In June this year, News Limited made its first round of job cuts. The media behemoth let 115 positions go from newsrooms, library and support services. Australian unions, including the powerful  ACTU said that Mr Murdoch’s company had broken its promise to consult fully with the unions before taking action. The journalists’ union, the MEAA, said that the News Limited announcement was sudden and unexpected, that up to 70 jobs went from its digital media section, about 30 staff at the Cairns Post and the Townsville and Gold Coast Bulletins have been told their jobs went.

When News Limited announced its restructure, ACTU secretary Dave Oliver was optimistic the company would consult with the unions before cutting jobs. But now his view has changed.

“Well it’s a very disturbing development,” Oliver said. “We’re clearly of the view that consultation is engaging with relevant parties before a decision is taken. And we’re extremely disappointed that their view of consultation is one about taking a decision and then informing people after the fact.”

Oliver says News Limited needs to provide unions with an overview of the restructure.

“The same way that the unions requested information from Fairfax, no different to the kind of information we want from News Limited,” he said. “We want to see what the business plan is, what these companies think the restructuring will look like going forward, what does it mean for their future operations across all the sectors, whether it’s in journalism, whether it’s the printers, whether it’s at call centres or the design centre. And we’re clearly of the view that that process has to be undertaken in good faith. But I can certainly say the action of News Limited yesterday is by no means an action of good faith.”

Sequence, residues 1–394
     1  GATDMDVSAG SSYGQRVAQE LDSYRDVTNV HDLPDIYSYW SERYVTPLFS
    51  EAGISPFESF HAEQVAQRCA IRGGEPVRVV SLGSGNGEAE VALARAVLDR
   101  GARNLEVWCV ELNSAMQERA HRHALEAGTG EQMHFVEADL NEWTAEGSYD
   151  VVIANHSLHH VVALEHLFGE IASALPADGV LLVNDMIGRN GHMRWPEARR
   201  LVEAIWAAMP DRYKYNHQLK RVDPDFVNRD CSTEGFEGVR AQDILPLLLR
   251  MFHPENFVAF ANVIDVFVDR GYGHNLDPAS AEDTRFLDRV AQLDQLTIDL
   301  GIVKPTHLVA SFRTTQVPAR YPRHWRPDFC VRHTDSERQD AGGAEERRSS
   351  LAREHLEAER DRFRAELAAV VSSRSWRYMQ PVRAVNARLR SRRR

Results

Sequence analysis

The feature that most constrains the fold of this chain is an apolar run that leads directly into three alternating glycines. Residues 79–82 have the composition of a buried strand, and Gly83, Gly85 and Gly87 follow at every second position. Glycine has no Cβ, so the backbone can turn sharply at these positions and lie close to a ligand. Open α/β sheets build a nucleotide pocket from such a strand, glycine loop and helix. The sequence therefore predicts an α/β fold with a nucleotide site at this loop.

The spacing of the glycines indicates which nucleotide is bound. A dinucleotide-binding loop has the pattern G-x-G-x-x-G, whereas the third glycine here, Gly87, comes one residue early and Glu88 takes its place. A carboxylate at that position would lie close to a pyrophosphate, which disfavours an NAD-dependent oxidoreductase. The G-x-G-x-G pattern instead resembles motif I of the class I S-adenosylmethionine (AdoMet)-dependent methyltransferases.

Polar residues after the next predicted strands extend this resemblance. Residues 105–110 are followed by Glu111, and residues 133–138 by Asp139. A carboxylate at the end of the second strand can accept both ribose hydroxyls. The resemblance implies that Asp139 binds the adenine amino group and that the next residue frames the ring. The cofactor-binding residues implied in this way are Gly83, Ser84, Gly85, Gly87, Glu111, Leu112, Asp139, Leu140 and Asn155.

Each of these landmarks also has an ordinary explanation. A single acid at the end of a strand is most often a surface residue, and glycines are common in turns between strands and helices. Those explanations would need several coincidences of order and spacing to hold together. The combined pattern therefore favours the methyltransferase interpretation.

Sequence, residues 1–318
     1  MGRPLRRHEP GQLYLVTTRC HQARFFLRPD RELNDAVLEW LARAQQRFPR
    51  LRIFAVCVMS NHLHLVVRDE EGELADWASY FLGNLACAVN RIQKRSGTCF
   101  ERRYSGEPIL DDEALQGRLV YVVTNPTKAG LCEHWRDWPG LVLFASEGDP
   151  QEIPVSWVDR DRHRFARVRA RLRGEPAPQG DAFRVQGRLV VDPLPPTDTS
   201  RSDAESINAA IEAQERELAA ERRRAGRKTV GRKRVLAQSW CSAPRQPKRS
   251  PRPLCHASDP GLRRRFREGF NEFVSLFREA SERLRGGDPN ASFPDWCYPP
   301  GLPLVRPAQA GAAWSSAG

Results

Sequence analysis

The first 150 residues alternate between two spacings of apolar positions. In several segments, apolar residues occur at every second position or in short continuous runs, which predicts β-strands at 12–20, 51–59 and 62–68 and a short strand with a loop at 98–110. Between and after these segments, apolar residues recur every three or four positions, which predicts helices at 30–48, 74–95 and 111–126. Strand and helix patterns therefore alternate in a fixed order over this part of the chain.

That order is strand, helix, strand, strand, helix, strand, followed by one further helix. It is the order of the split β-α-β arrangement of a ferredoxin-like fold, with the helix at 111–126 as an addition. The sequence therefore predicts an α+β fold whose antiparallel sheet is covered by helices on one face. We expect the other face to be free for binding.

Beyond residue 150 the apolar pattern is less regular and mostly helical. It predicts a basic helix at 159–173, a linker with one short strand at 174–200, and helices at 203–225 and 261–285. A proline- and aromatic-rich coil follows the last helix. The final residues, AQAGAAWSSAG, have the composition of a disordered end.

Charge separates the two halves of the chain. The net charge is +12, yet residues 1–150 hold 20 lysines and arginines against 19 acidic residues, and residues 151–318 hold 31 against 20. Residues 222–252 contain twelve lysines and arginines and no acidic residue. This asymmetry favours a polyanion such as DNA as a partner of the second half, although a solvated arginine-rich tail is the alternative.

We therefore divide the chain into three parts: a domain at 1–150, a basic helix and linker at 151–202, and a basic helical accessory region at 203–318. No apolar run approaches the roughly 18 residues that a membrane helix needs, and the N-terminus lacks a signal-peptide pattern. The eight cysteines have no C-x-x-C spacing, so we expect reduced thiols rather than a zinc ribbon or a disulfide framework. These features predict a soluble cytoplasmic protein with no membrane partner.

And the union leader accused News Limited CEO Kim Williams of going back on his word to consult with staff.

“Here we had the CEO of this company quite publicly come out and say that they would be involved in a process of full transparency, disclosure and consultation. Now without that processing occurring they’ve wielded the axe and that’s just a totally unacceptable position,” he said.

The MEAA says it is surprised that staff working for News Limited’s digital section are among the first to lose their jobs, saying staff there should have felt confident they would play a big role in the restructured company.

The union also says News Limited should not “pick off” small groups of employees. A spokesman for News Limited declined AM’s request for an interview, but confirmed that 115 editorial, sub-editing, support and library services roles were being made redundant. Staff at the Cairns Post and the Townsville and Gold Coast Bulletins said head office had told them not to speak to the media.


NINENine Entertainment has announced the sale of ACP Magazines to German-based media giant Bauer. The sale is reported to be worth about $500 million and is expected to be finalised in the next one to two months. ACP publishes 52 titles in Australia, including the Australian Women’s Weekly, Cleo, Madison and Zoo Weekly.

The Australian Women’s Weekly, first published in 1933 by Frank Packer, is Australia’s biggest selling monthly magazine.

Nine did not shed any light on job losses, but says the impact on ACP’s operations is expected to be minimal. In a statement, Nine chief executive David Gyngell said the decision would allow Nine to focus on its “core” television and digital businesses. Bauer is based in Hamburg and publishes more than 300 magazine titles across continental Europe and the UK.

The Australian Women’s Weekly and the stable of Australian magazines first created by Sir Frank Packer have been sold to a German media empire. Analysts are divided over whether the price represents a fire sale bargain or a clever deal by Nine Entertainment in a depressed advertising market. The Women’s Weekly is almost 80 years old and has a unique place in Australian media.